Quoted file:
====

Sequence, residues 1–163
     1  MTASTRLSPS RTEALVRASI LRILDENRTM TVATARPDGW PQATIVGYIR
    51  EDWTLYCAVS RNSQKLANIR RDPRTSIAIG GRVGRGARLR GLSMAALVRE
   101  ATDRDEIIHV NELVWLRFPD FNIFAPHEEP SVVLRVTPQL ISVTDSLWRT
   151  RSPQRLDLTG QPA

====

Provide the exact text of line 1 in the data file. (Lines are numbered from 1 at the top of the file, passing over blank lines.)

Sequence, residues 1–163